Postdrome Migraine: How to Cure a Migraine Hangover

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A migraine isn't just any headache. It consists of several stages, including the prodrome (or pre-migraine phase), an aura, the migraine itself, and then a postdrome (or post-migraine phase). The postdrome phase is not often discussed when considering the effects of migraines. However, it can be as debilitating as the migraine itself. Many people with migraines describe this final phase of a migraine as being similar to a hangover after drinking too much alcohol.

This article will explore the symptoms, management, and prevention of the postdrome phase of a migraine.

How to Treat and Prevent Migraine Hangover : An X near 2 lights (avoid stimulation and bright lights), a pitcher and glass of water (drink plenty of water during and after the acute phase), a person sitting on a rug with a candle nearby (try calming activities), a bed (get plenty of sleep), a plate with food, fork, and knife (eat healthy meals), an X next to screens (avoid screens)

Verywell / Jessica Olah


A "migraine hangover," or postdrome migraine stage, is what follows a migraine. This phase usually lasts 24–48 hours. For some, this phase can be more debilitating than the migraine itself.

Some of the symptoms of a postdrome migraine include:

  • Fatigue
  • Head pain
  • Cognitive issues
  • Dehydration
  • Fogginess
  • Mood changes

A migraine hangover can even affect other areas of the body besides the head. It can cause abdominal issues, aches throughout the body, and sensitivity to touch. A 2018 study showed that 81% of those with migraines had at least one non-headache postdrome symptom.

In some cases, postdrome symptoms can last for days after a migraine ends.

Prodrome vs. Postdrome

Prodrome is the few hours to days that lead up to a migraine. Symptoms of prodrome include irritability, depression, yawning, light sensitivity, fatigue, or nausea.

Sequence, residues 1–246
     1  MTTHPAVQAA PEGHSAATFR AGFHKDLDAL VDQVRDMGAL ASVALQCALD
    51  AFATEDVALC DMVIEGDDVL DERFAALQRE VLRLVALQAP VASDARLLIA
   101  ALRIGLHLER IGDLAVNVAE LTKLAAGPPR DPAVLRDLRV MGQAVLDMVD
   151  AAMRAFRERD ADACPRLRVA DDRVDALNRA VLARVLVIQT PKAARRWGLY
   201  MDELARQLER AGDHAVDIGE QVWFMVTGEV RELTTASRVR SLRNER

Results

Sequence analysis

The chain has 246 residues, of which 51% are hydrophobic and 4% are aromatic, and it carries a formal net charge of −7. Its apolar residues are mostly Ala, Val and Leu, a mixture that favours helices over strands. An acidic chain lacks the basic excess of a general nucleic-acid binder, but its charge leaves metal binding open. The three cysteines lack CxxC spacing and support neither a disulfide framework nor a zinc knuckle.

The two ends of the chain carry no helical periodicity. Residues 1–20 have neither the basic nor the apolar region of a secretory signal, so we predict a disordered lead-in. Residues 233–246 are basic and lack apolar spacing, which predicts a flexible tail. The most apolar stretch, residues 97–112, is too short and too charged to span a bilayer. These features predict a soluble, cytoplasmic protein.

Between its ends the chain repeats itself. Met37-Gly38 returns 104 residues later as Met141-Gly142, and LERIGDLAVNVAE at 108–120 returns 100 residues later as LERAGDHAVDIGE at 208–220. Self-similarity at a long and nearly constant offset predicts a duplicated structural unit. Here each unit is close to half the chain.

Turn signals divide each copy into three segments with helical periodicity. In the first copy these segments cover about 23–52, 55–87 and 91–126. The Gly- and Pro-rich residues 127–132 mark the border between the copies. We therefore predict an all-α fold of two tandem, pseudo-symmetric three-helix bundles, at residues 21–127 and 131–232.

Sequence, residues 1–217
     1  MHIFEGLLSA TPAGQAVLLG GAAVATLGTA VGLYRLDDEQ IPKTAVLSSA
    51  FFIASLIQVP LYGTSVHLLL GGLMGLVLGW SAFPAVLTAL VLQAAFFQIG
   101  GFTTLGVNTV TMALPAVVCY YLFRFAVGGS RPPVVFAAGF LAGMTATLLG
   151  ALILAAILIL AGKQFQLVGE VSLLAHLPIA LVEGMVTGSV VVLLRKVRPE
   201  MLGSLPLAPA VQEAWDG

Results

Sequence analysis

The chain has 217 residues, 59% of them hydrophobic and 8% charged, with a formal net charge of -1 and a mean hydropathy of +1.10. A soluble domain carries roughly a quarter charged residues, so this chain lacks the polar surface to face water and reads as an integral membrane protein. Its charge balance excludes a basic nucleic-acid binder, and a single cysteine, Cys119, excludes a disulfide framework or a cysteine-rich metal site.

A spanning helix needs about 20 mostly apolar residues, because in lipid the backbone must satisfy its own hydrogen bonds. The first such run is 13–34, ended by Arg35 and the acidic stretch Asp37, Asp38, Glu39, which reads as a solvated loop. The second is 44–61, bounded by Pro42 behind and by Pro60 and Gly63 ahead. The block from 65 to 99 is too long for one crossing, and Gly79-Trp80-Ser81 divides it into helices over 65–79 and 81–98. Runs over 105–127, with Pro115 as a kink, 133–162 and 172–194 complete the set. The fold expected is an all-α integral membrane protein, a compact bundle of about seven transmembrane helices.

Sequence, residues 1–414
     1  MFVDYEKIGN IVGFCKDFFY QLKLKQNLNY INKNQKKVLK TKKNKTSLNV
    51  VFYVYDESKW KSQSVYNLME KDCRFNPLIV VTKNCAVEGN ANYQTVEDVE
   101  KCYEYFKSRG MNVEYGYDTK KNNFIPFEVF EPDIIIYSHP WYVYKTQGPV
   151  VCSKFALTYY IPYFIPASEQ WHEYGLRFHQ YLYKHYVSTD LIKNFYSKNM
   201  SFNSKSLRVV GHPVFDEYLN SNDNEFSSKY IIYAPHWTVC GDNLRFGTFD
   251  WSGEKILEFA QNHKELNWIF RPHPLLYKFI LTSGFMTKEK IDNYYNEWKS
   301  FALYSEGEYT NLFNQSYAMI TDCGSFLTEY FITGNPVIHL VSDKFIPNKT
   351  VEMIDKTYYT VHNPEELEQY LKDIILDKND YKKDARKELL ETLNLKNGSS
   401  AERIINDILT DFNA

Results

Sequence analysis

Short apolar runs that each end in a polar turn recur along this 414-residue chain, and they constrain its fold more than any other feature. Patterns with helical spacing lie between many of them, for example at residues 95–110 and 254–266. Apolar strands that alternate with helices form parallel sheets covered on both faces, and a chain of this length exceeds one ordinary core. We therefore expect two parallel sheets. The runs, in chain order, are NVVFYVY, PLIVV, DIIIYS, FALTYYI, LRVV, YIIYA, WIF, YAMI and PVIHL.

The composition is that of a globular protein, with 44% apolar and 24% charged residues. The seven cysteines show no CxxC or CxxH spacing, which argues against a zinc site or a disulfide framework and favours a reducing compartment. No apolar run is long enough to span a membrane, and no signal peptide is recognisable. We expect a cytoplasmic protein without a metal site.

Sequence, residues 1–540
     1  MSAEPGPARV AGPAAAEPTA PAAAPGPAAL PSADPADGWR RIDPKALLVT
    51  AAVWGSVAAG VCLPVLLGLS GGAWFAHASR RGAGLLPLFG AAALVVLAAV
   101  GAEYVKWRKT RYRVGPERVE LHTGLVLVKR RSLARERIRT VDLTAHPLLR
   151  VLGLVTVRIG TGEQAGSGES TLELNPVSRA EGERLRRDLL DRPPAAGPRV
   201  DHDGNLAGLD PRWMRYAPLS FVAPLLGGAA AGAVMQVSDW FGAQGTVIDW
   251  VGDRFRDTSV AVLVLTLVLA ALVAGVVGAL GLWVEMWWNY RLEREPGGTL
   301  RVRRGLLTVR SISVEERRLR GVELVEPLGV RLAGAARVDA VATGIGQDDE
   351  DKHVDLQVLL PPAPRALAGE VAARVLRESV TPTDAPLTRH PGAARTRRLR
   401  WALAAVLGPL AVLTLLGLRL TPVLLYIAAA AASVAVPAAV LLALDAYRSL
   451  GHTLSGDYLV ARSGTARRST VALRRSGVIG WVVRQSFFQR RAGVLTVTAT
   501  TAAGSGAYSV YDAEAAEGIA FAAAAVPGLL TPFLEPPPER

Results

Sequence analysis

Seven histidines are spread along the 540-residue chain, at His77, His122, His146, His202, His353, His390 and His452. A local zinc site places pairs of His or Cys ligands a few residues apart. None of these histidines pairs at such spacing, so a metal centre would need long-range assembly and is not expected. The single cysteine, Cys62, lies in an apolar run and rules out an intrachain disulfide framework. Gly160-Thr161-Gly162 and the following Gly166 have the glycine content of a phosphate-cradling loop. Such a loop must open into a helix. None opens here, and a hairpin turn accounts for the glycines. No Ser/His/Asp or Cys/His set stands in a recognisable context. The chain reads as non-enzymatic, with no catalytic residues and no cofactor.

Postdrome is the 24- to 48-hour period that follows a migraine. Symptoms of postdrome can mimic those experienced during the prodrome phase. However, they may also include dehydration, body aches, abdominal issues, and other debilitating symptoms.

Treatment and Prevention

Just as every person who suffers from migraines will have different symptoms, treatment and prevention methods also will vary by individual. There are various prevention methods to mitigate symptoms of postdrome. Over time, you will learn what your body responds to.

Remember that it may not be possible to prevent postdrome.

The American Migraine Foundation recommends the following tips to minimize the discomfort that follows your migraine:

  • Drink plenty of water during and after the acute migraine phase.
  • Try calming activities, such as yoga or meditation.
  • Avoid stimulating activities and bright lights.
  • Get plenty of sleep.
  • Eat healthy meals.
  • Avoid looking at electronic devices or screens.

There are medications that treat and prevent migraines. However, one study found that for most people who suffer from postdrome, medications taken during a migraine do not affect duration of the postdrome phase.